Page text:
12
pages

- phase space
- limn fn
- xk ?xj
- initial condition
- then fn ?
- fn
- coulomb interaction
- vlasov equation
- take many

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P.E. Jabin

Equipe Tosca, Inria, 2004 route des Lucioles, BP 93, 06902 Sophia Antipolis

Laboratoire Dieudonn´e, Univ. de Nice, Parc Valrose, 06108 Nice cedex 02

Antoine Gerschenfeld

´Ecole Normale Sup´erieure, ParisIntroduction

0.1 Introduction

The validity of kinetic models as a limit of systems of many interacting particles is

still an important open issue. The number of particles to take into account is so large

in most applications (plasma physics, galaxies formation...) that the use of continuous

models is absolutely required.

The same issues directly arise for the use of particle methods. Those methods rely

ontheassumptionthatalarge(butnottoolarge)numberof“meta-particles”correctly

represents the dynamics of a much larger number of real particles. This assumption

would be directly implied by the convergence of the system to the unique solution to

some equation.

Thescalingunderconsiderationhereleadstoso-calledmeanﬁeldlimits.Thoselim-

its were classically establishedunderstrong regularityassumptions forthe interaction,

which are not satisﬁed in many physical situations of interest. We aim at describing

those classical approaches but also to present the new ideas recently developed for the

singular cases.

We consider N identical particles with positions/velocities (X ,V ) in the phasei i

space, interacting through the 2-body interaction kernel K(x), which leads to the

evolution equations

dX =V ,i idt P (0.1)d 1V = K(X −X ).i i jjdt N

The 1/N factor in the second equation is a scaling term so that positions, velocities

and accelerations are now of order 1.

The kernel K may take many diﬀerent forms depending on the physical setting.

The guiding example and the one with the most important physical applicationsK(x)

is Coulomb interaction, which reads in dimension d

α

K(x) =−∇φ(x) , φ(x) = + (regular terms),

d−2|x|

where α> 0 (resp. α< 0) corresponds to the repulsive (resp. attractive) case.

dIn what follows, the dynamics will be considered on the torus X ∈ Π , d ≥ 2,i

dmainly to simplify the exposition. Note that even then the velocities are still inR .

0.2 Well-posedness of the microscopic dynamics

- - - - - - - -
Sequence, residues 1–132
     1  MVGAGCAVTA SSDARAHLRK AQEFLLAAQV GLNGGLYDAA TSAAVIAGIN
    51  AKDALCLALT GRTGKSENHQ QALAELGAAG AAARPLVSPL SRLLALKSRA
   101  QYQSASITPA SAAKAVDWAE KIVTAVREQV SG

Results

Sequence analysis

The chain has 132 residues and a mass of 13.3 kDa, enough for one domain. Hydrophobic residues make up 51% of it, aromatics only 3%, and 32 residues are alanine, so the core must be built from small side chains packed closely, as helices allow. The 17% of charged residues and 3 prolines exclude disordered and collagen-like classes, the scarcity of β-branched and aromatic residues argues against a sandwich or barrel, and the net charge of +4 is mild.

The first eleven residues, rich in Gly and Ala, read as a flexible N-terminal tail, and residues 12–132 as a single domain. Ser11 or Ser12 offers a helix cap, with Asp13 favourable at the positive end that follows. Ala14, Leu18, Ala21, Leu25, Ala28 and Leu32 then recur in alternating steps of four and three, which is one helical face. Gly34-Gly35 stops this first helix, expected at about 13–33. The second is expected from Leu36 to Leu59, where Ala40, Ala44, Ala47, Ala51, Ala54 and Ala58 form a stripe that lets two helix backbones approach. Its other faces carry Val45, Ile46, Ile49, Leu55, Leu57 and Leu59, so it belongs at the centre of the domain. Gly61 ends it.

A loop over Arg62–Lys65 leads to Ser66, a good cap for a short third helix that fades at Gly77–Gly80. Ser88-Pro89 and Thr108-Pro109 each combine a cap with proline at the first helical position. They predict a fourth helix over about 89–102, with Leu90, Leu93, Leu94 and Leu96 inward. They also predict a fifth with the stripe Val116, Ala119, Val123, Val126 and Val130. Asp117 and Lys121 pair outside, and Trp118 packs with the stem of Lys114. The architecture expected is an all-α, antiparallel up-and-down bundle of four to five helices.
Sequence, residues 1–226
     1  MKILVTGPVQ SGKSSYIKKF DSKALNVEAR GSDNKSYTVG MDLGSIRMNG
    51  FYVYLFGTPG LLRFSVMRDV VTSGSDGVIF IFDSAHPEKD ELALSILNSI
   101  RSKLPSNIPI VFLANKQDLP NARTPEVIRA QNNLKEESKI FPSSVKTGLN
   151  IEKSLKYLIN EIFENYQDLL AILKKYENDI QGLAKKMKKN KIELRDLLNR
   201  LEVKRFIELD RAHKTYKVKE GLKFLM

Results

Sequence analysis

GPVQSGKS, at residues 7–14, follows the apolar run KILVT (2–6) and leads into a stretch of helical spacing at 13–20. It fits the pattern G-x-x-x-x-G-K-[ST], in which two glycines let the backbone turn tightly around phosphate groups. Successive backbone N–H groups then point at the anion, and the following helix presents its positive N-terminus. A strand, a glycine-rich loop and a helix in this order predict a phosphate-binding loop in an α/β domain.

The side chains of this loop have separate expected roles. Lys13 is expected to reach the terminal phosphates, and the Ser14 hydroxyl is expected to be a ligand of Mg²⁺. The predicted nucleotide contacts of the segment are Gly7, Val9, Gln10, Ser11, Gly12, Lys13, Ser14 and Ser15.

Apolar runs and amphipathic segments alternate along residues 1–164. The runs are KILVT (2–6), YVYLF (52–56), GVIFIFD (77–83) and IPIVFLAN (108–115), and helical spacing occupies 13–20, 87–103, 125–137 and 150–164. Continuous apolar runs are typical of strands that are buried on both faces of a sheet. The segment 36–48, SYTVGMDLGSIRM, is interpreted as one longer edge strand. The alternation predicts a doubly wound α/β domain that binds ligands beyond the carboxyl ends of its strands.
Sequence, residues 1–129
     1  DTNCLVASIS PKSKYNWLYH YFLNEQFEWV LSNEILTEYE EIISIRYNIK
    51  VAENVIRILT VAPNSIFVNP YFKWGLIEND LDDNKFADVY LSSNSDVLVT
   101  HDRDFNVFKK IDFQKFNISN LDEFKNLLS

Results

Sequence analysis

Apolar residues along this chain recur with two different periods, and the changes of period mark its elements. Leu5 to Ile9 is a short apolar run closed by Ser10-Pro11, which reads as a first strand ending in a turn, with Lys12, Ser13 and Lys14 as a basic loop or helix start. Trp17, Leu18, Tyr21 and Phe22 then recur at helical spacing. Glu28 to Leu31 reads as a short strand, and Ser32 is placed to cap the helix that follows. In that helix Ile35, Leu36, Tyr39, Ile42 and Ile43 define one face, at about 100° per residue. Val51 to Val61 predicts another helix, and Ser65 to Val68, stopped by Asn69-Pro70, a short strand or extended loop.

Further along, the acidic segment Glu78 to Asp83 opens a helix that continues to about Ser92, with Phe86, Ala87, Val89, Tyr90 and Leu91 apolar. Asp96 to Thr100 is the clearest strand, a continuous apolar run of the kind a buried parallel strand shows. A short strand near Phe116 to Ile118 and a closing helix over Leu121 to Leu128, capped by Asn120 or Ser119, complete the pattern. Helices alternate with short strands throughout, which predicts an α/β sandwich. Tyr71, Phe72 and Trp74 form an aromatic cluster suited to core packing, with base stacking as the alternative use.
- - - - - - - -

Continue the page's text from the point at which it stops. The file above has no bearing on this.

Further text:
TheCauchy-Lipschitztheoremappliesto(0.1)ifK(x)isLipschitz,inwhichcasethere

exists an unique solution for any initial condition. In the repulsive Coulomb case, it is

still possible to apply it by remarking that the energy conservation,

X X1 α 12E(t) = |V| + =E(0),i 2N N |X −X |i j

i i=j

1implies that the |X −X | admit a time-independent lower bound in : one mayi j 2N

therefore consider K as Lipschitz on its attainable domain for a given set of initial

conditions.Oneshouldnote,however,thattheformofthisestimatemakesitimproper

to use in the N →∞ limit.

v6It is possible to assume less regularity on K by restricting the set of acceptable

initial conditions. In particular, results by (DiPerna and Lions, 1989), (Ambrosio,

2004) and (Hauray, 2005) apply to almost-every initial condition.

0.3 Existence of the macroscopic limit

N0 N0 N0 N0 N0Given a sequence of initial conditions Z = (X ,..,X ,V ,..,V ) with corre-1 N 1 N

Nsponding solutions Z (t), one expects the empirical density on phase space,

X1 N Nf (t,x,v) = δ(x−X (t))⊗δ(v−V (t)),N i iN

i

to converge, in some sense, as N →∞, to a limit f satisfying an evolution equation,

0the ”limiting dynamics”, with initial conditions f = lim f (0,·).N N

N NIf K is continuous or if X (t) =X (t) for all t and i =j, then, posing K(0) = 0,i j

one can write the N-body evolution in the form of a Vlasov equation :

∂ f +v·∇ f +(K? ρ )·∇ f = 0t N x N x N v NR (0.2)

ρ (t,x) = dvf (t,x,v) .N N

1 d dThenf →f in weak-? topology (for the space of Radon measuresM (Π ×R )),N

and f solves (0.2) for the initial conditions lim f (0,·).N N

Equation (0.2) cannot be obtained from (0.1) with such an immediate method for

any kind of singular interaction K 6∈C . However, even for a Coulomb potential, Eq.0

(0.2) is well posed provided some assumptions on the initial conditions are made, such

1 ∞as f(0,·)∈ L ∩L and with compact support in velocities; See (Horst, 1981; Lions

andPerthame,1991;Pfaﬀelmoser,1992;Schaeﬀer,1991).However,thenon-linearterm

(K? ρ )·∇ f makes the f →f limit highly nontrivial for non-continuous K.x N v N N

0.4 Physical space models

The above question is easier to solve in the case of hydrodynamics-related models,

which evolve according to a ﬁrst-order equation of the form

Xd 1

X = μ μ K(X −X ). (0.3)i i j i j

dt N

j=i

P

Using ρ (t,x) = μ δ(x−X (t)), it can be rewritten asN i ii

∂ ρ+∇ ((K?ρ)ρ) = 0 . (0.4)t x

For instance, in dimension 2, the above yields the incompressible Euler equation for

2μ =±1,K(x) =x /|x |.i ⊥

As a rule of thumb, the N →∞ limit is easier to take in this case than in (0.1).

A crucial ingredient to the study is a bound on d (t) = inf |X (t)− X (t)|.min i=j i j

This oﬀers direct control over the right-hand term in (0.3),which becomes regular if

N −1/dd ∼N for singular force terms K (up to a coulombian singularity).min

vi6666Macroscopic limit in the regular case

More precisely, assume that, up to time t and for x ∼ x , there exists a locallyi

bounded F such that

X 1 dmin K(x−X (t)) ≤F .j 1/dN N j=i 1,∞W

Let (k,l) be the particles such that d (t) = |X −X|. If one also assumes thatmin k l

μ =μ , thenk l

X